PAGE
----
Bridging the divides: building tomorrow’s Toronto
September 8, 2010
TORONTO, ON — Bridging the Divides: Building Tomorrow’s Toronto, a debate of candidates for mayor in the City of Toronto, will focus on the most divisive issues in the City of Toronto in the 12 years since amalgamation. A dozen years after becoming one big unified city, Toronto is facing problems that many people thought amalgamation would solve. What do the people who would be mayor propose to do about them?
Who: Rob Ford, Joe Pantalone, Rocco Rossi, George Smitherman, Sarah Thomson
Questions from a panel of University of Toronto professors and students
Moderator Mr. John Cruickshank, Publisher, The Toronto Star
What: A Mayoral Candidate’s Debate
When: Wednesday, September 15, 7:30–9:00 p.m.; reception to follow until 10 p.m.
Where: Innis Town Hall, 2 Sussex Avenue (corner of Sussex and St. George Street), Toronto
Sponsors: Cities Centre, University of Toronto; Innis Urban Studies Program, University of Toronto; Canadian Urban Institute; The Toronto Star
In this debate the candidates for Mayor of the City of Toronto will be asked to explain and defend their vision for the City of Toronto under their leadership. How will they bridge the many divides that separate us from working together on common ground? How will they address the many pressing problems of finance and governance that are getting in the way of building a better city? What is their plan to improve both social and physical infrastructure in the City to the levels that every citizen has a right to expect?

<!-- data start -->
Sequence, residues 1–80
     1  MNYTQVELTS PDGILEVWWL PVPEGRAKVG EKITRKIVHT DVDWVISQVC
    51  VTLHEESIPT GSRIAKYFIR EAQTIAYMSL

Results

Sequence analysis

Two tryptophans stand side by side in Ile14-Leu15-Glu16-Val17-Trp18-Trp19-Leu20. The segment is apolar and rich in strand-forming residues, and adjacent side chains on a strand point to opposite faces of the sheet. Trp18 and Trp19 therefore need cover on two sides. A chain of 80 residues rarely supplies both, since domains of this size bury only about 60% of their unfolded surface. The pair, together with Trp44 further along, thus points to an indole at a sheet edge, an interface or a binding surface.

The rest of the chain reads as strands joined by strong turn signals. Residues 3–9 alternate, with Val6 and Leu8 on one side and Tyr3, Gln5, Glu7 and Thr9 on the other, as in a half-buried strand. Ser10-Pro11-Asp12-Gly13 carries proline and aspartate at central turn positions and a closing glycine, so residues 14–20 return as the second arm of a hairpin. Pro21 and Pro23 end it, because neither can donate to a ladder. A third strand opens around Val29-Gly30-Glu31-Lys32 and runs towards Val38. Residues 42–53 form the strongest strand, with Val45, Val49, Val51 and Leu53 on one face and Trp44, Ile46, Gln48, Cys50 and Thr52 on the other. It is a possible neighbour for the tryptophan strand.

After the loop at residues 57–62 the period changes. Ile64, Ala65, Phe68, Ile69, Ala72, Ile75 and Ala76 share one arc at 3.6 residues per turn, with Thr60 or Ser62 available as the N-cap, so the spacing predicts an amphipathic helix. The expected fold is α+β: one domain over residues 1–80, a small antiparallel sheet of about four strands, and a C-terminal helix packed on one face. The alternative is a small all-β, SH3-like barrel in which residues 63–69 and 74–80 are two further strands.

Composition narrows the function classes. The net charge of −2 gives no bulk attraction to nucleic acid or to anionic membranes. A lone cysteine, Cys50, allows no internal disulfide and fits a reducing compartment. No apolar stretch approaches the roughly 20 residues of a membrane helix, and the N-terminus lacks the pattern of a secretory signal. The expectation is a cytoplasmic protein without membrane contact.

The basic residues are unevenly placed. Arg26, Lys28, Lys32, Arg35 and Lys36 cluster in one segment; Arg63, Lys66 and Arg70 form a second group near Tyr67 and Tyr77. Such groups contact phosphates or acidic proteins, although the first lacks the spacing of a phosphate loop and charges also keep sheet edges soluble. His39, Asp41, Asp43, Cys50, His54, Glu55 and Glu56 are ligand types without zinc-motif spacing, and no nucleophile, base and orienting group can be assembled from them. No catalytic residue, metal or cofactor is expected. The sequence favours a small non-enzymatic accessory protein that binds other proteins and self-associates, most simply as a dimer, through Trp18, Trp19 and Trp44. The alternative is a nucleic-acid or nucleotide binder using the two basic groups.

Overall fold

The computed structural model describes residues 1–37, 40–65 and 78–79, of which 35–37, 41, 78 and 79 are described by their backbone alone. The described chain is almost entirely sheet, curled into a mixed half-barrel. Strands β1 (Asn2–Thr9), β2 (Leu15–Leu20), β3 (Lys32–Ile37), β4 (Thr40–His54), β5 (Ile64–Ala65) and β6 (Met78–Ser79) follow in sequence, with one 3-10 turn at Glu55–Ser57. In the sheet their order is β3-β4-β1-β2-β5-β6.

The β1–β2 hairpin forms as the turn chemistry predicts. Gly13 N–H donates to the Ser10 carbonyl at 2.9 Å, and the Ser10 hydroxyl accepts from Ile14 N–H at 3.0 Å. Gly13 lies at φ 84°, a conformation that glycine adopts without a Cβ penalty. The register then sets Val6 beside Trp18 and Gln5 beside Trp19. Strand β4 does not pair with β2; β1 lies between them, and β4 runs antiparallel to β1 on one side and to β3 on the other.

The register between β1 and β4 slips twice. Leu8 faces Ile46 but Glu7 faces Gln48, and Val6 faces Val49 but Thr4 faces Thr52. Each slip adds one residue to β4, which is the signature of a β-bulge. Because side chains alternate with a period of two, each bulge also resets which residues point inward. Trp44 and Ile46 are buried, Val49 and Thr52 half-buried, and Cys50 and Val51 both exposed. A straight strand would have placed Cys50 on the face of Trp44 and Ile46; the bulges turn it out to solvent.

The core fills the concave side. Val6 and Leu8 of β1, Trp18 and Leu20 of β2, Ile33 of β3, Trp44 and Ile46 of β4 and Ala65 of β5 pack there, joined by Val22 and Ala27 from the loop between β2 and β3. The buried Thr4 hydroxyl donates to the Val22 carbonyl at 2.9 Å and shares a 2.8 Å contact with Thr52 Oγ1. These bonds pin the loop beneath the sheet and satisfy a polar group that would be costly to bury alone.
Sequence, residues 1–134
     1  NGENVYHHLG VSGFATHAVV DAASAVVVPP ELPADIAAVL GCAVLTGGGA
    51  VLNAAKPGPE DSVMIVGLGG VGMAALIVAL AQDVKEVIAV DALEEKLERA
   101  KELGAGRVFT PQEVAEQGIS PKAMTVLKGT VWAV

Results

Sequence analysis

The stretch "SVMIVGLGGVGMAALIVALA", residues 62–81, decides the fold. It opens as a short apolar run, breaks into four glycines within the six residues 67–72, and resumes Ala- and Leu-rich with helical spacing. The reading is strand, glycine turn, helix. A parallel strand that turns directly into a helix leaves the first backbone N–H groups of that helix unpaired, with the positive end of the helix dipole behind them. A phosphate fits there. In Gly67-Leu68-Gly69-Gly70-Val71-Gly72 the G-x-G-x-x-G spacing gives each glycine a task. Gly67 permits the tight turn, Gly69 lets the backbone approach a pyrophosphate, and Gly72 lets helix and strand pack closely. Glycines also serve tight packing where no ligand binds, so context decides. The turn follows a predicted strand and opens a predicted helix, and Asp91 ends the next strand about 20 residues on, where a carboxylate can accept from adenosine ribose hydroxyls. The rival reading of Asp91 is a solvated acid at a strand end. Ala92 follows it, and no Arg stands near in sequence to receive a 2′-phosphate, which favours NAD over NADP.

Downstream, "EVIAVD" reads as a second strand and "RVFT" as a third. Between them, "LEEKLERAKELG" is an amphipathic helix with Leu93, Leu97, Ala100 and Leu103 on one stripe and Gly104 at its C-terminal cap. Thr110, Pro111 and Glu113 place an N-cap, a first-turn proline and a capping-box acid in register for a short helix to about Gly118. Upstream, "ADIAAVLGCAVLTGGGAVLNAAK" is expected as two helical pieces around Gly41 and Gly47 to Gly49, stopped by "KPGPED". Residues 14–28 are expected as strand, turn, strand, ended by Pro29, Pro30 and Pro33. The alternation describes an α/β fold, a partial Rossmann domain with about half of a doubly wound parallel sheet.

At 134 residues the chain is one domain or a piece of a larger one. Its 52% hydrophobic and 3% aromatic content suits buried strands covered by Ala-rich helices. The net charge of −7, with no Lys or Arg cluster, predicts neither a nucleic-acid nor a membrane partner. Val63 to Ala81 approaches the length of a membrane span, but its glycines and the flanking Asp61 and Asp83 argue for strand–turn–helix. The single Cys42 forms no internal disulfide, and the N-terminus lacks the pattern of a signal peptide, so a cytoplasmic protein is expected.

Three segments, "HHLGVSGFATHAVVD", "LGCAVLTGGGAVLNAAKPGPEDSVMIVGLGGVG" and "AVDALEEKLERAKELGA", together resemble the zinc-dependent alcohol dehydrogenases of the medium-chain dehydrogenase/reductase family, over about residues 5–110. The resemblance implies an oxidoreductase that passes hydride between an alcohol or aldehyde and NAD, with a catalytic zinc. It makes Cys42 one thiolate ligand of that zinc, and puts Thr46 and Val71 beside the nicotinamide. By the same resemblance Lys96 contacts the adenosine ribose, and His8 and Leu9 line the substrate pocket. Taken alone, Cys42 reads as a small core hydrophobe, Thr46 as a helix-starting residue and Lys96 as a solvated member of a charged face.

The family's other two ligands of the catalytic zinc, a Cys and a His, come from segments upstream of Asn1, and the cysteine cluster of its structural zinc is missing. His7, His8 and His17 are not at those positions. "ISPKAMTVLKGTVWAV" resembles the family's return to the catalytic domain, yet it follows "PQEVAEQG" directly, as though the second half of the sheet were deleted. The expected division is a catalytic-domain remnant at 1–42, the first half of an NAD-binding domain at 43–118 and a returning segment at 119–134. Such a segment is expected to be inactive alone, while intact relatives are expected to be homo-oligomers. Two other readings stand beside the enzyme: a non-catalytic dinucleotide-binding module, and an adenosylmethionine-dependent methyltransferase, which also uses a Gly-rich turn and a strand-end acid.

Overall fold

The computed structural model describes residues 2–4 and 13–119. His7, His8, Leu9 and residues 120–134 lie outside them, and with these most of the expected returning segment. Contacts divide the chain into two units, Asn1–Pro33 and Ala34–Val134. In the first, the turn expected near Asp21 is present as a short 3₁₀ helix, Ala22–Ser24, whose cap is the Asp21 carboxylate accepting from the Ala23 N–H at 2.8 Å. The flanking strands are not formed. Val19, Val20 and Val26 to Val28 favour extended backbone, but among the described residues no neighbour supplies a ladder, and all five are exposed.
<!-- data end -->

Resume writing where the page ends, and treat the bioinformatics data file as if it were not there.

The format for the debate will be as follows: (1) Welcome from Innis College (2) Introduction by the Moderator (Mr. John Cruickshank, Publisher, The Toronto Star) (3) 3‑minute opening statements by each candidate, addressing the debate’s theme “Bridging the Divides: Building Tomorrow’s Toronto” (4) Questions from a panel of University of Toronto professors and students. For each question, each candidate will be allocated a 90-second initial response and a 30-second rebuttal. The questions will be designed to spotlight important issues within the overall debate theme (5) 1‑minute closing statements by each candidate (6) Moderator’s closing remarks.
It has been 12 years since the municipalities of Metropolitan Toronto were amalgamated by the Province of Ontario into the current City of Toronto. But gaps between services to the outer city and services to the inner city that were identified a generation go have not been corrected and are getting wider (or worse?). We have become one big city governed by a single mayor, council, and administration, but beyond city hall we remain a shotgun marriage of physical, social and economic communities. We are faced daily with diverse and often conflicting views of what Toronto is now and should become in the future. Our ability to access transportation, health, education and other social services differs widely across the city. We can see the city’s fault lines most clearly between the way people live “downtown” and the way they live in the suburbs. But we also see a spreading gap between the rich and the poor, growing difficulties for immigrants and increasing alienation among young people who shun traditional politics and take to the streets to express their anger.
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